Home > News > Impala Canada INVESTED

Impala Canada INVESTED

Dec 12, 2022

Impala Canada Limited was formed on December 13, 2019 when North American Palladium was acquired by Impala Platinum Holdings Limited (the Implats Group), an integrated global platinum group metal (PGM) producer. Implats was attracted by the Company’s focus on palladium, its reliable growth potential, its highly engaged team and the revenue-generating potential of its Lac des Iles Mine.
The Lac des Iles Mine (LDI), is a palladium operation with more than 28 years of production located northwest of Thunder Bay, Ontario and employs over 700 employees and features a unique, world-class ore body and modern infrastructure, including both an underground mine and surface operations. The mine is noted for its modern infrastructure, advanced underground technologies and world-class exploration portfolio.
This past year, more than ever, Impala Canada has made significant investments in their business, in their people, in the local economy and in the community — all of which reflect their Company values: Respect, Care and Deliver.
“We believe that an investment in the future of LDI — which has expended almost $98.5 million in local businesses and Indigenous joint ventures last year alone — is an investment in Northwestern Ontario. Our confidence to increase investments at LDI and in the community is anchored on our people and on palladium — a critical metal used in catalytic converters, which reduce harmful emissions from gasoline-powered vehicles. We are one of the largest and safest mines in Canada, and our workforce is one of the best — skilled, dedicated and hardworking.
Increasing global emissions standards are driving demand for palladium, and our capital investment strategy is focused on increasing mine production to 12,000 tonnes per day by 2024. In the last year we have invested $12 million on exploration drilling, nearly $29 million on mobile equipment, and $18 million on a new crushing circuit.
Impala Canada’s LDI Mine is well-positioned to be a leader in the critical minerals movement. We are invested in being a significant player in Northwestern Ontario for many years to come, and we are now more invested than ever”, stated Tim Hill, CEO of Impala Canada.
The Lac des Iles Mine operates on the Robinson-Superior Treaty territory which is the traditional territory of the Anishnaabeg and the Métis. The operation’s longstanding relationships are with five local communities of this land and place in Northwestern Ontario: Kiashke Zaaging Anishinaabek (Gull Bay), Whitesand and Fort William First Nations, Métis Nation of Ontario and Red Sky Métis Independent Nation.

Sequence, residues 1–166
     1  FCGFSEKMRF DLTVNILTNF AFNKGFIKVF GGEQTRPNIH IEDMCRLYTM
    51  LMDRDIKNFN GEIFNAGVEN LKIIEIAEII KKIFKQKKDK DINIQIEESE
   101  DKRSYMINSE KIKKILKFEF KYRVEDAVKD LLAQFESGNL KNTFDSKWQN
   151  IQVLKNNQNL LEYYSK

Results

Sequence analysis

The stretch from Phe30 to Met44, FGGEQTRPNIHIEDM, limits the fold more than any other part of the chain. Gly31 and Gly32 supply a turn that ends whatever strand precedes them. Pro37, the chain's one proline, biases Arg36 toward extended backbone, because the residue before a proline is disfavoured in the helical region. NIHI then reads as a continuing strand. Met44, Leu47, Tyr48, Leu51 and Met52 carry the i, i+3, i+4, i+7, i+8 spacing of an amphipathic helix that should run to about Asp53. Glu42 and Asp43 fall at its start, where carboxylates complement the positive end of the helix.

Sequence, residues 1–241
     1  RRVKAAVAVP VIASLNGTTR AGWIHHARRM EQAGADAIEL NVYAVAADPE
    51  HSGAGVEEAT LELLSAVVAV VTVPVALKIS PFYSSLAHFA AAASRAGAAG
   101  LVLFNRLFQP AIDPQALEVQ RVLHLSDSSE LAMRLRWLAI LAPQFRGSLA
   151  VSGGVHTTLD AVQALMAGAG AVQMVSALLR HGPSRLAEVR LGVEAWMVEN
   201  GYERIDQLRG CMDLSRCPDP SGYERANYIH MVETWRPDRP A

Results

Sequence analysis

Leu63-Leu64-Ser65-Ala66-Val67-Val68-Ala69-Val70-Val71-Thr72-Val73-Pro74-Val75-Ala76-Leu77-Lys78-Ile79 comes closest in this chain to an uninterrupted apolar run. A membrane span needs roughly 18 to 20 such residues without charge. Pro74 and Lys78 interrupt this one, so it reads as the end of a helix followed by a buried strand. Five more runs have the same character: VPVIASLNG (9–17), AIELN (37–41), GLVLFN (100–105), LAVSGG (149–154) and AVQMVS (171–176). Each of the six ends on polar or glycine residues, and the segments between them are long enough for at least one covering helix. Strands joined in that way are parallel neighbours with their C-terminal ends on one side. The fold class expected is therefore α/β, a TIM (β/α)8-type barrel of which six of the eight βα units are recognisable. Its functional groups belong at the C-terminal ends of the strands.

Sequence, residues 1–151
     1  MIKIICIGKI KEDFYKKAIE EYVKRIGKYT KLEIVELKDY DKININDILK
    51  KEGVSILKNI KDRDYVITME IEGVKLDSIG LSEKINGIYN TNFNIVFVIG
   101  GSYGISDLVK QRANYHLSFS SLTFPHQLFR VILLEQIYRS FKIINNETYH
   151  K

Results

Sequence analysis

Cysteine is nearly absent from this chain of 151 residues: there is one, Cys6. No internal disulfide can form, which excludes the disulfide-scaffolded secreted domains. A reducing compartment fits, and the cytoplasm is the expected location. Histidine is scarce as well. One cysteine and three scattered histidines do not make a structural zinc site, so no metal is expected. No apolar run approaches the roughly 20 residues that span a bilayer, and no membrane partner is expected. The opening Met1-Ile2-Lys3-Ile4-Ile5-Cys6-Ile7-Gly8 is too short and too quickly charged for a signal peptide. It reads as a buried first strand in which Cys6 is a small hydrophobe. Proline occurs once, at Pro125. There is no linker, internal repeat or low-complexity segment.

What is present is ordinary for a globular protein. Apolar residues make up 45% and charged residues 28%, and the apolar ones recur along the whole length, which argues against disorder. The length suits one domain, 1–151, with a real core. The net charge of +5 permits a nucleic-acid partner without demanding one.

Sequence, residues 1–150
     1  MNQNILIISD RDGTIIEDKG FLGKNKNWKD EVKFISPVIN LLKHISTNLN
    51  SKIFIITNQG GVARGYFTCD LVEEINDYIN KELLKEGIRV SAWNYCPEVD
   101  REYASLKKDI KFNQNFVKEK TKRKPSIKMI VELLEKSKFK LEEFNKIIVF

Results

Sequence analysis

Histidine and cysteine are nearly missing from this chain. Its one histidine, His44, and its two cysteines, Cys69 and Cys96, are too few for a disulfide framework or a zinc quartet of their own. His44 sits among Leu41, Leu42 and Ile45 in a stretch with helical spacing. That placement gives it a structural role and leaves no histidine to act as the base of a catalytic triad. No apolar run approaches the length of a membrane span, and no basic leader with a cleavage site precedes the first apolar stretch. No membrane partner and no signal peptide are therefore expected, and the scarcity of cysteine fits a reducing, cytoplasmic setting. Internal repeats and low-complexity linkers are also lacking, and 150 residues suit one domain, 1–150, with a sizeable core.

Impala pic 3


Invested in Health and Safety


Impala’s care for the health and safety of their employees, their families and the community are paramount in all that they do. This past year, they became a fully vaccinated site while they continued to stringently follow and implement their pandemic protocols to prevent the entry and spread of COVID-19. Since the beginning of the pandemic, Impala Canada has purchased and delivered more than 20,000 masks to Thunder Bay-based organizations and Indigenous communities.  
To keep health and safety at the forefront, every day, employees and contractors complete a daily safety card which includes, among other things, the LDI 5-Point Safety System. This is a joint program run by Impala Canada and the United Steelworkers Union Local 9422.
At the start of each shift, workers provide yes or no answers to five safety-related questions, including: Are your workplace and equipment in good condition? Any question answered with a ‘no’ is a hard stop. The crew member then corrects the issue or, if needed, flags it with the supervisor, who will investigate and take corrective action. The daily 5-Point Risk Assessment questionnaire is one of many tools used to keep our people safe and ingrain safety into our Company culture. There are 12,400 5-Point Risk Assessments completed each month. There are 33,836 total training hours delivered to their workforce via the Safety Team.
“Many of us see our colleagues as “work family.” During our shifts we live and eat together; and after hours we fish, snowshoe and work out in the on-site gym together. Our workforce is now more than 875 employees and contractors, and as we work to mine 12,000 tonnes of ore per day, we are invested in attracting the industry’s top talent to join our Impala Canada family.
We just wrapped up our second Impala Canada Recruitment Roadshow in which, over eight days, our team travelled to 13 cities and towns across Northwestern Ontario and as far away as Alberta, interviewing potential candidates in person.